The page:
5 Weird Terms that Knowledge Management People Use

Mercy Harper's picture

New to knowledge management (KM)? It’s easy to feel lost in the lingo at first; but you’ll learn the ropes quickly, because KM is a structured solution for a problem most of us have faced before: how do we connect people with what they need to know, so that they can do their best work?

For example, I recently moved and had to switch a utility service to my new townhouse. But when the service guys showed up, they started running into problems. Everything seemed in order in the house, so it must have been a problem with the box outside.

Expect More from Benchmarking

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Ron Webb's picture

There are many types of benchmarking, but most organizations continue to focus on what I’ll call “descriptive” benchmarking. This type of benchmarking follows a structured methodology, which is critical to success, but is characterized mainly by collecting data from a group of benchmarking participants and generating comparative or descriptive findings. This approach does not provide the information required to maximize improvement decisions, the data is too direction and not prescriptive. There is a better way.

How to Get People to Focus on Process and Not Results

Jonathan Kraft's picture

C. Jackson Grayson is the Founder and Executive Chairman of APQC.  I interviewed Jack about why companies struggle to improve process, resist change, and how to get people to focus on process and not outcomes.  

Jack will be a presenter at the 2014 APQC Process Improvement Conference October 16-17.

4 Things Smart Leaders Are Doing to Grow STEM Expertise in Logistics (Infographic)

Andrea Stroud's picture

There are many emerging and continuing trends around talent management that are impacting the transportation and logistics sector. Due to a retiring workforce there is a need to place qualified talent into the increasing number of jobs becoming available in the logistics and transportation industries. 

11 Ways to Kickstart Better Leadership

Sue Lam's picture

Organizations today are experiencing a leadership deficit. In recent years, surveys have revealed that CEOs fear a shortage of leaders across the globe will impede their plans for growth. Yet business press and business research show the leadership deficit is continuing unabated. However, some organizations have managed to buck this trend and are effectively developing leaders within their organizations. APQC conducted a best-practices study with several organizations that are best-practice in training and developing leaders. These five organizations are:

Want Better HR Performance? Start Using HR Metrics

Sue Lam's picture

The use of HR metrics is becoming increasingly common. However, some organizations may be hesitant to adopt using a standard set of metrics for measuring HR performance because of the fear of increased costs; organizations understand that money and resources are required for implementing standard metrics because it takes time to develop and implement the measurement system and train employees. Some organizations may not be able to build a business case for these costs in the short term unless using the metrics is associated with lower costs in the long run.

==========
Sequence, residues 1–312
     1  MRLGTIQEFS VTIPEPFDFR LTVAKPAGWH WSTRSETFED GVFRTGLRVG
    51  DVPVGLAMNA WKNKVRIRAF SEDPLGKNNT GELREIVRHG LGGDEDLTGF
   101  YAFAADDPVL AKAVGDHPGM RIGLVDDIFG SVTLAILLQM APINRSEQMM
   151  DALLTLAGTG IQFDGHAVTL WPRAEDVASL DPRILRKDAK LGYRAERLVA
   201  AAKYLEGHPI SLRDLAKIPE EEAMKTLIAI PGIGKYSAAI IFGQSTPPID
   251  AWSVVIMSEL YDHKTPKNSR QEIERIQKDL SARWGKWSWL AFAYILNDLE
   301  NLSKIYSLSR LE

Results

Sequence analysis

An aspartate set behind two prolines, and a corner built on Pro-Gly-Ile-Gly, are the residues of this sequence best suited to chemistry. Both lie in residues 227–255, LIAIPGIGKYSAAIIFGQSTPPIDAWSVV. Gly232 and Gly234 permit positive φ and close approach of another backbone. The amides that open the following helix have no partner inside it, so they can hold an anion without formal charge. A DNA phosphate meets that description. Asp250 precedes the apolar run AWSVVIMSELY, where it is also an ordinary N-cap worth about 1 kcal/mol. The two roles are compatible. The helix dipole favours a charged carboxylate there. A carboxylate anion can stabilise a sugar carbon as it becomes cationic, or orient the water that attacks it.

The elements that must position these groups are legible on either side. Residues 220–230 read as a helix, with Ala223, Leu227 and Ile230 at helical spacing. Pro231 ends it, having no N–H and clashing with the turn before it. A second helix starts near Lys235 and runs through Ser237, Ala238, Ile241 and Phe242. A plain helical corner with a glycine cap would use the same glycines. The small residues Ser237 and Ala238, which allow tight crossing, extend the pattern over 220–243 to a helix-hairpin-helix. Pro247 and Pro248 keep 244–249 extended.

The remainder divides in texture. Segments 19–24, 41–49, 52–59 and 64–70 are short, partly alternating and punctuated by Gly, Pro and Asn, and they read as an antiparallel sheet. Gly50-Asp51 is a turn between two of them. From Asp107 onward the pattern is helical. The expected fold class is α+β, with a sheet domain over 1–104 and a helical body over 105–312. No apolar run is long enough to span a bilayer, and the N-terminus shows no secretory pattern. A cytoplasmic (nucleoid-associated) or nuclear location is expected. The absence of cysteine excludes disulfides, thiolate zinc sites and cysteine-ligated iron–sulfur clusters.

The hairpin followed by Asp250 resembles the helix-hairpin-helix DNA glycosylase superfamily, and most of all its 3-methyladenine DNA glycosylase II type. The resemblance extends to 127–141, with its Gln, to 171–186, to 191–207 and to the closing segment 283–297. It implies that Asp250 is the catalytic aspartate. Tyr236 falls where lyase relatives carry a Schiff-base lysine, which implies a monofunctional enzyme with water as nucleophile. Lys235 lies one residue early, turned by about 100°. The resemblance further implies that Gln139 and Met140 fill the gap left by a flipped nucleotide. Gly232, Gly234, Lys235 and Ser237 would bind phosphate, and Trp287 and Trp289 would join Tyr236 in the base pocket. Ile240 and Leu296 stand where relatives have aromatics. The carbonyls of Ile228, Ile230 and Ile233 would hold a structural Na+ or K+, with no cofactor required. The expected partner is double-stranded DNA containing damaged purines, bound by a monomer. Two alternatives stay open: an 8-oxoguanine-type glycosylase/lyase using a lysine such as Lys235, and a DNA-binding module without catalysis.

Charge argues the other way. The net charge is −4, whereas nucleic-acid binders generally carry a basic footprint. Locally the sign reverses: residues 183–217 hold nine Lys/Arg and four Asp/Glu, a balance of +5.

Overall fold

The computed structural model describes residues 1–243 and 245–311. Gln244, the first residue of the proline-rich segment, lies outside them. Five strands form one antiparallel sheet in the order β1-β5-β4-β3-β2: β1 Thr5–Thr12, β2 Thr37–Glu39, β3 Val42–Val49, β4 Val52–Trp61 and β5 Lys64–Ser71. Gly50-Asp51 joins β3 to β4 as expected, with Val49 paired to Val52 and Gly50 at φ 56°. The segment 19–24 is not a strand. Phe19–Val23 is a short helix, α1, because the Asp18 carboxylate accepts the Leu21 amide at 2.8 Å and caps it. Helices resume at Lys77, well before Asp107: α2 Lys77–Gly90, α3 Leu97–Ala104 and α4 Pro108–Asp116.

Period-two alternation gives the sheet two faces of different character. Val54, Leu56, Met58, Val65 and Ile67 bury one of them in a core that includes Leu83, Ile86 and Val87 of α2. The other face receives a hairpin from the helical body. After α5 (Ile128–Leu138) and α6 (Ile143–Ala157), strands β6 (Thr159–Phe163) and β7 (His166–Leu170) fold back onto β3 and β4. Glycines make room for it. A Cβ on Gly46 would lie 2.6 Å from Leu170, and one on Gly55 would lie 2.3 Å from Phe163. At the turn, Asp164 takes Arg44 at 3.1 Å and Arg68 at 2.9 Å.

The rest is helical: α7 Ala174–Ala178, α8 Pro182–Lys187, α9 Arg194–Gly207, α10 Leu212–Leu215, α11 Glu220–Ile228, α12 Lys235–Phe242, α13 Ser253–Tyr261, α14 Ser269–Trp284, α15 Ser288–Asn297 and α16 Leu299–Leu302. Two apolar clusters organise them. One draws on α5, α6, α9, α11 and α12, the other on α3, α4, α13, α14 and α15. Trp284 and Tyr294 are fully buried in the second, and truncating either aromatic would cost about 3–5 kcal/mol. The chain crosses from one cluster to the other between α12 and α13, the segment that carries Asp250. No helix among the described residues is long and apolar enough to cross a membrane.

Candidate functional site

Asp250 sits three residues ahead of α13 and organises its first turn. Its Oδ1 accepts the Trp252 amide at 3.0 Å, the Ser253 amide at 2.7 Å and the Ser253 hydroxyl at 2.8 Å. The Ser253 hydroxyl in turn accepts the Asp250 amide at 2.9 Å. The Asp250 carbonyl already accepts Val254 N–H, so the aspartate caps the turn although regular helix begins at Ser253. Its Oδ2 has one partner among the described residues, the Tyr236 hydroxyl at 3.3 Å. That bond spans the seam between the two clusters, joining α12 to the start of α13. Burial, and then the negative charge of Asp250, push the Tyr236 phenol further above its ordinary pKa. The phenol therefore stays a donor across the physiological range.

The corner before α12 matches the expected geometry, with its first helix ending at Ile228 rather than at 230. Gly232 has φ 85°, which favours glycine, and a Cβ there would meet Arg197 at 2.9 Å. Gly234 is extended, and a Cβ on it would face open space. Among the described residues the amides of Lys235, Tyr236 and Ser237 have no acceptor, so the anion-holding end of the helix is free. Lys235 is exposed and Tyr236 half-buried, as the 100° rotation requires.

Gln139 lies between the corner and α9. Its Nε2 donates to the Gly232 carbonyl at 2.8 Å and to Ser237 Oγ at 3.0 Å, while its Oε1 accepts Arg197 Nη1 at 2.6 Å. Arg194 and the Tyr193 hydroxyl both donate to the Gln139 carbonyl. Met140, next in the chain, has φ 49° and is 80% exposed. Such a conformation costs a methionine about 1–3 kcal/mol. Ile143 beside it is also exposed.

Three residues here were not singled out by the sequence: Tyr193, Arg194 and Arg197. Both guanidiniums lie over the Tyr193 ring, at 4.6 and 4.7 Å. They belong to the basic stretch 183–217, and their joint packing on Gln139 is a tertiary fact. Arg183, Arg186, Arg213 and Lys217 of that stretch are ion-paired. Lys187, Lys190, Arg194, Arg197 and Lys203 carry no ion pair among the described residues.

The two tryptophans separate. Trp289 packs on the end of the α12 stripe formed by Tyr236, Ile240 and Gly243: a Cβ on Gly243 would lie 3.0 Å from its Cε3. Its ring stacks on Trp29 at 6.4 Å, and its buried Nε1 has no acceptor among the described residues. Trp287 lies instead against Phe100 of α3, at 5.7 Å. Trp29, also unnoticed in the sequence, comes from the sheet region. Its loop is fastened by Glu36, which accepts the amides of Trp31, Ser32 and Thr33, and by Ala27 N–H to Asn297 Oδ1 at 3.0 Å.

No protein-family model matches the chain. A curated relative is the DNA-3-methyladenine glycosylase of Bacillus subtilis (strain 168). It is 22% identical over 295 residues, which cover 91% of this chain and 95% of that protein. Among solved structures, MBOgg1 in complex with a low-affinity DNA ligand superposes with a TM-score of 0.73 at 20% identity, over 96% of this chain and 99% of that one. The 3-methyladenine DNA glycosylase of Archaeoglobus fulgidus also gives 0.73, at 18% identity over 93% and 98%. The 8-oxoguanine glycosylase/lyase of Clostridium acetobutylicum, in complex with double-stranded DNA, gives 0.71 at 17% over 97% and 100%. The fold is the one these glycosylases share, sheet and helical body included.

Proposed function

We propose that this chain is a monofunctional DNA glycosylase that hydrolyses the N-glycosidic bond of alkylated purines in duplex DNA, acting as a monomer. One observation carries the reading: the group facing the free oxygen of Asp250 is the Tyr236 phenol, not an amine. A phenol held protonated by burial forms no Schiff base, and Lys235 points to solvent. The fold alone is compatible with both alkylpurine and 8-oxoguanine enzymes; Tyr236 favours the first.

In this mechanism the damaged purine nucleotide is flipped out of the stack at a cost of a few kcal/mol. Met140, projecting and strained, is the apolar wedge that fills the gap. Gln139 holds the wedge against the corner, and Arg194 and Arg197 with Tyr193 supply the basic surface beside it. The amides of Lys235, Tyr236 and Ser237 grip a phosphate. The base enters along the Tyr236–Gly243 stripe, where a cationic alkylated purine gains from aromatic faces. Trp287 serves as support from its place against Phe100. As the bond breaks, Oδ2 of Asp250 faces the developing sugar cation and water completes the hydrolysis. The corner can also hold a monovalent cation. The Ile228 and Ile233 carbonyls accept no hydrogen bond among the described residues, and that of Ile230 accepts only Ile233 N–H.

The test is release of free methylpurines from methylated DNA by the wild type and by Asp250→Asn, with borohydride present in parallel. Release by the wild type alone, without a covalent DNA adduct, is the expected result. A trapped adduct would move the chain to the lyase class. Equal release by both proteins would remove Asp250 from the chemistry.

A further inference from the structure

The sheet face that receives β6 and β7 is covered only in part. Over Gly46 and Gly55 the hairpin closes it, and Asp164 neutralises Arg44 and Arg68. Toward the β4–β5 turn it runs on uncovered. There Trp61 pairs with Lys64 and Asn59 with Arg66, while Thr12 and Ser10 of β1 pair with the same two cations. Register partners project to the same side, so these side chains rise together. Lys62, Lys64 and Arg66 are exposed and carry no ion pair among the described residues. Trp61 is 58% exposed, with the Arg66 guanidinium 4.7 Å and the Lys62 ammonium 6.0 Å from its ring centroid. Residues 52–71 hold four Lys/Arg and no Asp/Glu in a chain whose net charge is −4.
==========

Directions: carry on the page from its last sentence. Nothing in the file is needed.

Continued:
If You Don’t Have These Big Q Enablers You are in Trouble

Jay Mankad's picture

Big Q and little q are terms discussed by Dr. Juran and is key in fully understanding the significance of quality, and how to achieve World Class premier and sustainable Quality.


How Special Forces Can Help Save Process Improvement Initiatives

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Jonathan Kraft's picture

I recently spoke to Carla Wolfe, Senior Business Analyst at Elevations Credit Union, about how Elevations Credit transformed organizational BPM performance by focusing on engagement, validation, and deploying ‘Special Forces’.

Carla will be a presenter at the 2014 APQC Process Improvement Conference October 16-17.

You can follow Elevations Credit Union @elevationscu.

Benchmarking Basics: Know the Rules of the Game

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Ron Webb's picture

Working with benchmarking organizations affords me a view of some of the mistakes organizations regularly make, as well as the things that make them successful. One of the basic mistakes I see organization make is not adhering to some foundational benchmarking principles or rules. This doesn’t happen out of malice; it mainly occurs because organizations focus on the data and information they want to collect and ignore aspects of the benchmarking process. This isn’t a new issue by any means, either.

Stop Focusing on Process Model Rules and Focus on Results

Holly Lyke-Ho-Gland's picture

I was able to talk to Ronald G. Ross Co-Founder & Principal, Business Rule Solutions, LLC and
Executive Editor, Business Rules Journal, about how to build a better business process model and why having too many rules can be a problem.

What is the main reason people still focus on making traditional process models?